The Royal Academy, a government - funded research institute designed to train civil
servants and bolster Cambodia's development, did not enroll any students for the
latest academic year, said school officials.
They said the Academy could not afford to enroll more than its current 70 students
because of insufficient funding. The school still employs 55 teachers.
All the government's other higher education institutes have enrolled students this
year, said Rath Sokha, director of the Ministry of Education, Youth and Sports' higher
The Academy currently receives $8,750 per month from the government, said Uch Kath,
deputy director of the Academy's Financial and Administrative department. But he
said that was not enough to pay fees for new students who are not charged tuition.
Instead, the money goes towards "material, computers, research, preparing seminars
and conferences," said Kath in his office as cigarette smoke rose from a can
of beer on his desk.
Him Sophy, a fine arts professor at the university, blamed the Academy's failure
to enroll students on a lack of funding caused by the deadlock between the three
main political parties.
The Academy was supposed to enroll this year's batch of students in October 2003,
said administrators. But Kath said he was still hopeful that new students could be
accepted for the current 2003-2004 academic year.
"I have submitted a suggestion to the Council of Ministers. They will submit
it to the government to start the new term," he said.
Rong Chhun, president of the Cambodian Independent Teachers Association, said that
even if the Academy only receives $8,750 per month, this should be enough to cover
tuition fees for more than 70 students.
"The money is not being used effectively," Chunn said. "This money
is enough to pay for more students...The money must flow into the pocket of someone
who commits corruption."
Khieu Kanharith, CPP spokesman, shifted some of the responsibility for the Academy's
fate onto the shoulders of the international community. He said it was difficult
for the Academy to attract foreign sponsors because it does not specialize in science
and technology. Instead, it focuses on teaching liberal arts subjects such as literature,
philosophy and English and French.
However, critics of the Academy have accused the Cambodian People's Party (CPP) of
using the institution to propagate doctrine of the ruling party.
Son Chhay, a Sam Rainsy Party parliamentarian, voiced strong criticism of the Council
of Minister's control over the Royal Academy. "When you are talking about the
Council of Ministers you are talking about the CPP," he said in a telephone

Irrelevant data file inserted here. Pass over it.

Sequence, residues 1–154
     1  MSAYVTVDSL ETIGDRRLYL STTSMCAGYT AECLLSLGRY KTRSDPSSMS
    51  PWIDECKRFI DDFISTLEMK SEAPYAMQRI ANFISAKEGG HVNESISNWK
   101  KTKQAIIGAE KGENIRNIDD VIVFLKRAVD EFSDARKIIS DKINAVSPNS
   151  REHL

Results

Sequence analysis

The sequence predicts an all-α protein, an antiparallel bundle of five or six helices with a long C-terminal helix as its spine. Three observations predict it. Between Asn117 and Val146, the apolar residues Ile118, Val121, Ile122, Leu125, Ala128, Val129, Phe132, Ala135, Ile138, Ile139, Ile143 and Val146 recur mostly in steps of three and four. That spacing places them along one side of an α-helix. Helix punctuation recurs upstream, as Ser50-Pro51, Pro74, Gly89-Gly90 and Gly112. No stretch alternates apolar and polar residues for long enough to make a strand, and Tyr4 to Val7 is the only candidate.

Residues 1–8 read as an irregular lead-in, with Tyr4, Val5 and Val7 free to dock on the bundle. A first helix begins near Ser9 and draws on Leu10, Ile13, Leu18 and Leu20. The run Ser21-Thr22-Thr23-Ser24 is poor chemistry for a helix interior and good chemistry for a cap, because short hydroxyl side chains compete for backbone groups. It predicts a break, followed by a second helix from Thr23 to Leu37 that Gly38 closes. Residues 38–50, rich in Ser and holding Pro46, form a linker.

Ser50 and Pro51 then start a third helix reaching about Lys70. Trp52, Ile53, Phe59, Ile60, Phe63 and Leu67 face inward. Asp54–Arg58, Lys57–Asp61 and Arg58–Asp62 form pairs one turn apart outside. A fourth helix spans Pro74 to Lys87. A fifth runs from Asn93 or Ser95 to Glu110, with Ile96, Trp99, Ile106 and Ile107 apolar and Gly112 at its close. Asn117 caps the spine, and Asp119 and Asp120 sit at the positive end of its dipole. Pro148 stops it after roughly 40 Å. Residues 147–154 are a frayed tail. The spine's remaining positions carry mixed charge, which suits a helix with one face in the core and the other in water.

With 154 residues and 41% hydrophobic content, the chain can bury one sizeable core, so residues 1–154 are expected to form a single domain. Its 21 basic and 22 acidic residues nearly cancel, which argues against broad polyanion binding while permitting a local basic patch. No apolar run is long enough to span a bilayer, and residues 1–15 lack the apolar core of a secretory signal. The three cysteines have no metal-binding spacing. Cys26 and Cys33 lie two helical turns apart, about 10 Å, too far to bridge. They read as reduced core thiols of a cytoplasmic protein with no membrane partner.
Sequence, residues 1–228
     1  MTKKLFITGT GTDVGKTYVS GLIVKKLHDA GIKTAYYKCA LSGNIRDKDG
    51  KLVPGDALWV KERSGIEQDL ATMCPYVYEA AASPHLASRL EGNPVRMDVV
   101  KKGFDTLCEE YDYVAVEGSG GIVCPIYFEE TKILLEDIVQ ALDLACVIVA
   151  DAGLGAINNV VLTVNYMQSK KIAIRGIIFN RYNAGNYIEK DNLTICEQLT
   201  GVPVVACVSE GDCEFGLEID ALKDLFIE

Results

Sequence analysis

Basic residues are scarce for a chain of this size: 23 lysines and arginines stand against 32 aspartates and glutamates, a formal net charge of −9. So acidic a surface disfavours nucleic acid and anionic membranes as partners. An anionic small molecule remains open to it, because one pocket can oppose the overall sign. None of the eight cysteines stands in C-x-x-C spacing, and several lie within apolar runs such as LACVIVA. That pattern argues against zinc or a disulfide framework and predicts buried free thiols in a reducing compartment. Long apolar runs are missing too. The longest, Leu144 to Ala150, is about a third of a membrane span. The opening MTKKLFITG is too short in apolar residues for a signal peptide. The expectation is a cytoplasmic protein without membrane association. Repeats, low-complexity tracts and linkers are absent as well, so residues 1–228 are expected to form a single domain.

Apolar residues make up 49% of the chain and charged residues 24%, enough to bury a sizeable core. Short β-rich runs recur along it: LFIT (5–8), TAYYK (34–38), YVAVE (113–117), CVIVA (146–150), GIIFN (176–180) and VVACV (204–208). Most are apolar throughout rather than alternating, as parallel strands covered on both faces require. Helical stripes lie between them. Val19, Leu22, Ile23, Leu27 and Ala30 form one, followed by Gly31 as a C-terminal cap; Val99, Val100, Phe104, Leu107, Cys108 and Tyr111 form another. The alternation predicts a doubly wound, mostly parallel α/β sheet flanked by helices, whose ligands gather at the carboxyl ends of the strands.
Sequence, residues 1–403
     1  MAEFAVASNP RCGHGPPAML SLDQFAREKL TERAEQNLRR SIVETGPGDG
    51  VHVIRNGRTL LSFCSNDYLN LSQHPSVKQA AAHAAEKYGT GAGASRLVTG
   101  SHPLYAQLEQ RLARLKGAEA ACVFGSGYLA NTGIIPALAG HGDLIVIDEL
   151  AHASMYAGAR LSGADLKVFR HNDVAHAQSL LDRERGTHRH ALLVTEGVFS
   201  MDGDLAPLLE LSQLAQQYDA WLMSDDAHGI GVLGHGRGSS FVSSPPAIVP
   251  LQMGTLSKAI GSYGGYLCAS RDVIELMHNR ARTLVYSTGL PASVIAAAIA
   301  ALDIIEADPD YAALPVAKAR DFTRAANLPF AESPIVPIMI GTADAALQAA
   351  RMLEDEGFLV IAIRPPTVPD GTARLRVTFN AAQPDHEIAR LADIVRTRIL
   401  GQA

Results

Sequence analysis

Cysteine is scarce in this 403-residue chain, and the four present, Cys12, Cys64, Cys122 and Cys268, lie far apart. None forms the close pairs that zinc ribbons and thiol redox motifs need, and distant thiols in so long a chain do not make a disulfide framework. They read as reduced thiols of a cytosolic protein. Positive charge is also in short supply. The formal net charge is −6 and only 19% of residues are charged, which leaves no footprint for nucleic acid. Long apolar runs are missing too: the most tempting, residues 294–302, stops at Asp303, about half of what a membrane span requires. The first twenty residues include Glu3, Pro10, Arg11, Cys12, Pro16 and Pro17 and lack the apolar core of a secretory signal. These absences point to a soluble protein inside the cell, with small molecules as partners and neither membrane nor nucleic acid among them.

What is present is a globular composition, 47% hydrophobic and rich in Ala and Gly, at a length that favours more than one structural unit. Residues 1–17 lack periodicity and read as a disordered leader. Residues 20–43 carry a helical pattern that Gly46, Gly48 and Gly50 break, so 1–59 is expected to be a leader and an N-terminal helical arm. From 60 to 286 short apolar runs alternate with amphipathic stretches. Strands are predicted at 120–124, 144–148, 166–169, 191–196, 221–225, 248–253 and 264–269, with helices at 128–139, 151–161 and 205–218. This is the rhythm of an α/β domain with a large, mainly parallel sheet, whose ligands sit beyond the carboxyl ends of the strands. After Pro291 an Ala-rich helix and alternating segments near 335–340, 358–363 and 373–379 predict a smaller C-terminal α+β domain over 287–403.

interview December 24.
The Council of Minster's monopoly over the university inhibits academic freedom,
he said. "It is contrary to the idea of a university. A university should be
a place of debate on political and social ideas."
Khieu Thavika, CPP Council of Ministers spokesman, teaches political science at the
Academy and is vice-chairman of the school's administrative council, according to
promotional documents from the school. Several students also said other CPP officials
teach political science at the academy.
Linte Keo, 24, has been studying linguistics at the Academy since November 2002.
"Officers from the government have been invited to teach here," he said.
The Academy is controlled and funded by the Council of Ministers rather than the
Ministry of Education, according to officials in the Academy and the Ministry of
Sok An is the Academy's "supreme advisor", while Hun Sen is the honorary
chairman of its administrative council, according to university documents. Sok An
was contacted several times by telephone but said he was too busy to be interviewed.
Despite the Academy's connections to the CPP and the Council of Ministers, Academy
officials said the institution has no political bias. Khieu Kanharith said that although
the Academy is part of the Council of Ministers, it is politically independent.
"It is not important if [lecturers] have any political affiliations," he
said. "If people choose to follow a political party it is their choice."
The Academy's failure to enroll new students will not force the Academy to shut,
said a senior Academy official who declined to be named. He also predicted that a
new batch of students would be enrolled for the 2003-2004 academic year in January.
"The government will let [us] continue the new term," he said, "because
that is government policy."
Remarking on the Academy's failure to enroll students, Chunn warned that Cambodia
could not afford to turn away students.
"If the government has no willingness to educate the people, the country cannot
develop," he said.